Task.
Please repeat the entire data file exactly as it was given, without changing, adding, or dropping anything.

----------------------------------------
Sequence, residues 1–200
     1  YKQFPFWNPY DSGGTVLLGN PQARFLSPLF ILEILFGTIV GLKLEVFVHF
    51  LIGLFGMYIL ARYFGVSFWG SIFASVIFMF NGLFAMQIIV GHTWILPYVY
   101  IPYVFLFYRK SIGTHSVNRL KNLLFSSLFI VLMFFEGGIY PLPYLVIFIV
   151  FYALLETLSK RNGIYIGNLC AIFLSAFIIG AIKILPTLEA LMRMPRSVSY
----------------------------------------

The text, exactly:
Sequence, residues 1–200
     1  YKQFPFWNPY DSGGTVLLGN PQARFLSPLF ILEILFGTIV GLKLEVFVHF
    51  LIGLFGMYIL ARYFGVSFWG SIFASVIFMF NGLFAMQIIV GHTWILPYVY
   101  IPYVFLFYRK SIGTHSVNRL KNLLFSSLFI VLMFFEGGIY PLPYLVIFIV
   151  FYALLETLSK RNGIYIGNLC AIFLSAFIIG AIKILPTLEA LMRMPRSVSY